PRESS RELEASE - Pain Patients Advocacy Week


Contact: Rev. Ronald V. Myers, Sr., M.D., Founder & Chairman
             American Pain Institute (API)
             662-392-2016     662-247-1471

             Virginia Brooks, Chair
             National Juneteenth Pain Patients Commission
             National Juneteenth Observance Foundation (NJOF)
             National Pain Patients Coalition (NPPC)

Pain Protest
Rally for doctors and chronic-pain sufferers
Dr. Ronald Myers, Sr., president of the American Pain Institute's Mississippi chapter, leads applause
Thursday for Virginia Brooks (right) of Greenville, president of the Mississippi Coalition for Patient
Rights and Chronic Pain Management, who calls for legislative support for physicians who treat
chronic-pain patients,during a news conference at the Capitol.
(AP Photo) - 2003


April 23-30, 2018

(Roland, Oklahoma) - If you see anyone wearing a red ribbon during the month of April, Rev. Ronald V. Myers, Sr., M.D., Founder & Chairman of the American Pain Institute (API) and Virginia Brooks, Chair of the National Pain Patients Commission for the National Juneteenth Observance Foundation (NJOF), want you to remember that millions of Americans suffer with chronic pain. The last week of April has been established as National Pain Patients Advocacy Week and chronic pain sufferers throughout the country are contacting the White House, members of the U.S. Congress, Governors and state legislators to push for continued access to pain medications needed to lead functional lives.

Held annually during the last week of April, in remembrance of the 2003 and 2004 marches on Washington, "America's In Pain!" - MARCH ON WASHINGTON - "Silent No More!", demanding congressional hearings on the pain crises in America, chronic pain patients and the doctors who treat them agree that the crises has worsened.

A June 2011 report by the Institute of Medicine states, "Chronic pain affects about 100 million American adults, more than the total affected by heart disease, cancer, and diabetes combined. Pain also cost the nation up to $635 billion each year in medical treatment and lost productivity."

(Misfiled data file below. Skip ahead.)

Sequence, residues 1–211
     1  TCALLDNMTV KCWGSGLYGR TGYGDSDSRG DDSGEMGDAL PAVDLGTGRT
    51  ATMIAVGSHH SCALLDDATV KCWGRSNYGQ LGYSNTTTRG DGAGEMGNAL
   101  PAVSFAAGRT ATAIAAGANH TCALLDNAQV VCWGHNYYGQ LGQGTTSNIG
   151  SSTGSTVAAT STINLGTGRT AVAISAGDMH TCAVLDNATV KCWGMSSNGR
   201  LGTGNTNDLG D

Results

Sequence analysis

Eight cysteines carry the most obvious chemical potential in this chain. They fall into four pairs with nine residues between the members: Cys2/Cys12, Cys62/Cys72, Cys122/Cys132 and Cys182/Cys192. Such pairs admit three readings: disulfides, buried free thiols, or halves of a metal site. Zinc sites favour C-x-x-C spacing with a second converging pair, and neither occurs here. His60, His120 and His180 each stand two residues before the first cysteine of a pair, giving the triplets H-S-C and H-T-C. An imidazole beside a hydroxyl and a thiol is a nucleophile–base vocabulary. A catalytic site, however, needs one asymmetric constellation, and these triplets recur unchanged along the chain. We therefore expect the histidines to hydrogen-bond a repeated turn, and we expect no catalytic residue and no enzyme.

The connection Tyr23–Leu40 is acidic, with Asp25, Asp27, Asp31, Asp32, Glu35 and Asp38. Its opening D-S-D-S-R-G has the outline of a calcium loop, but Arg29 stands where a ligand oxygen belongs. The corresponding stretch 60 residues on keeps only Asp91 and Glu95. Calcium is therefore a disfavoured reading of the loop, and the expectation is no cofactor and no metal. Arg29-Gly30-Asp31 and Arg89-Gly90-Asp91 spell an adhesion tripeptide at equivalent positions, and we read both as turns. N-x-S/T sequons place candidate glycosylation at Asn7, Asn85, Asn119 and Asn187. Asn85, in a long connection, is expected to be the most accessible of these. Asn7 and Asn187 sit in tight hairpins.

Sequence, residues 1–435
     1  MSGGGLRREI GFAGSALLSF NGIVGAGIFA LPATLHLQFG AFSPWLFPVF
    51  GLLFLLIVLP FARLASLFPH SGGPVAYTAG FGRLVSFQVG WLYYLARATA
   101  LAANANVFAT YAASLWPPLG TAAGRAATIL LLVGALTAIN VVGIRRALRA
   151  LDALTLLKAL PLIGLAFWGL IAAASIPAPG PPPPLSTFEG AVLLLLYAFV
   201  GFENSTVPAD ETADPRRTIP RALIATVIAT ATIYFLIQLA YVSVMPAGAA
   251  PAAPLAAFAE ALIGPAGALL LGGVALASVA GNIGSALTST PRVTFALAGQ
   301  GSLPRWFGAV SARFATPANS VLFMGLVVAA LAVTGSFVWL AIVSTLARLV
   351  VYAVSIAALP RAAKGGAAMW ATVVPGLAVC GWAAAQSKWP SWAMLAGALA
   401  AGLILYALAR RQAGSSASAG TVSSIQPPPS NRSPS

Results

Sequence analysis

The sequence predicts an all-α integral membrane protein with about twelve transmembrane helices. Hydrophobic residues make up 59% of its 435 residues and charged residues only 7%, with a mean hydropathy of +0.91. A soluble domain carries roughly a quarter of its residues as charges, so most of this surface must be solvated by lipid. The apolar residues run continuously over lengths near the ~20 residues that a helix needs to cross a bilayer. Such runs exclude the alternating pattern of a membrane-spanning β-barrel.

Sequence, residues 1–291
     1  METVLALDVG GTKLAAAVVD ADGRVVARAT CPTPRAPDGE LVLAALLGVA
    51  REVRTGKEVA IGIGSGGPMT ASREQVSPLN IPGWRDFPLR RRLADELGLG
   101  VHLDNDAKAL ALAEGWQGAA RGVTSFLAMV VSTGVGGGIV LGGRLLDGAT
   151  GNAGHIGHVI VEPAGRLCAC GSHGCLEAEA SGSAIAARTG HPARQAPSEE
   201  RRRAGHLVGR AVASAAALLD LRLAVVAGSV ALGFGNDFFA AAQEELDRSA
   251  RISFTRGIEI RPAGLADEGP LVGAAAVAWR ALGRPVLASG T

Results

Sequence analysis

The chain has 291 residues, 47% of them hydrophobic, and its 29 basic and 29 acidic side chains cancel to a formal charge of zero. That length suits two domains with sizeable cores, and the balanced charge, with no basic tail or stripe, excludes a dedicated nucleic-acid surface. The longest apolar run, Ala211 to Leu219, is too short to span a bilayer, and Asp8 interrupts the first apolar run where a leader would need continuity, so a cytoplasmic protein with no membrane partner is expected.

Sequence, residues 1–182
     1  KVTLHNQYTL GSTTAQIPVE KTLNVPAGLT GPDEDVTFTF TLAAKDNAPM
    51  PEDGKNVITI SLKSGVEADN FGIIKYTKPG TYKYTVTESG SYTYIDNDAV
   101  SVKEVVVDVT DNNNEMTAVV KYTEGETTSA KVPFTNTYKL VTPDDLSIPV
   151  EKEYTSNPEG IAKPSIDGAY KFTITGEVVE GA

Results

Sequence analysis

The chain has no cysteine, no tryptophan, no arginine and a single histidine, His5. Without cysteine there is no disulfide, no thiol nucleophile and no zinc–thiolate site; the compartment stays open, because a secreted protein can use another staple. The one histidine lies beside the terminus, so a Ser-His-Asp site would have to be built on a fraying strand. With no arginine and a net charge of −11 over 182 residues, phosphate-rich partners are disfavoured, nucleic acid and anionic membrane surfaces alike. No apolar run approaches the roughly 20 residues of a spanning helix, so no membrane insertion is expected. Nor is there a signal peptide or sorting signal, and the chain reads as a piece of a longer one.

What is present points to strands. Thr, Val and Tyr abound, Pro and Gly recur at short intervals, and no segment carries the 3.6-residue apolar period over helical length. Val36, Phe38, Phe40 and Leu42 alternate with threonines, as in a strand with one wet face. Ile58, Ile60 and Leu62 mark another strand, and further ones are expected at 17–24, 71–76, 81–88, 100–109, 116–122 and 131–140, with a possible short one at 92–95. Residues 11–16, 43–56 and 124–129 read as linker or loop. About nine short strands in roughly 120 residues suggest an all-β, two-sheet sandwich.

"Fewer and fewer doctors are treating pain patients because of the fear of revocation of their medical licenses by actions of the Drug Enforcement Administration (DEA) and state medical boards," states Rev., Dr. Myers. "Now the Food & Drug Administration (FDA) has joined forces with the DEA to force pharmacist to severely cut back on the number of certain pain medications they fill by 60 to 85 percent. This has created a treatment crises for many chronic pain patients."

Rev., Dr. Myers considers the approach taken by law enforcement, government agencies and regulatory boards concerning the problem of prescription drug abuse in America, in many cases, as immoral, unethical and lacking compassion. This has led to law abiding chronic pain patients seeking legitimate medical care to be treated like drug adducts. Physicians who treat them with the highest of professional medical standards in pain care through the proper use of prescription drugs are treated like drug dealers and criminals.

In a letter to Dr. Myers, former Staff Physician at the Wellness Clinic of Roland, in Roland, Oklahoma, a patient writes, "Ridiculous, stupid, inhumane and many, many more adjectives to describe the unjust treatment we as pain patients are having to face in this state," states Thomas J. Ross, an Arkansas resident working with the National Pain Patients Coalition (NPPC). "I never realized how difficult (impossible) it would be to find a compassionate doctor like you in my own state of Arkansas."

Many consider Arkansas the worst state in the United States for pain care. Rev., Dr. Myers was very disturbed by the number of people who chose suicide over living daily with chronic pain. He began organizing pain patients to advocate for the treatment of their medical condition with the very people they elect to office to serve them in the U.S. Congress and state legislatures across the country.

"We as chronic pain patients must advocate for the compassionate treatment of our chronic medical condition," states Virginia Brooks. "We should no longer tolerate being ridiculed and treated like drug addicts when we seek much needed medical attention. We will no longer remain silent."

For information on Pain Patients Advocacy Week, the National Pain Patients Coalition (NPPC) or the American Pain Institute (API), contact Dr. Myers at 662-392-2016 or 662-247-1471, e-mail:; Virginia Brooks at 662-702-3825, e-mail:; web sites: or


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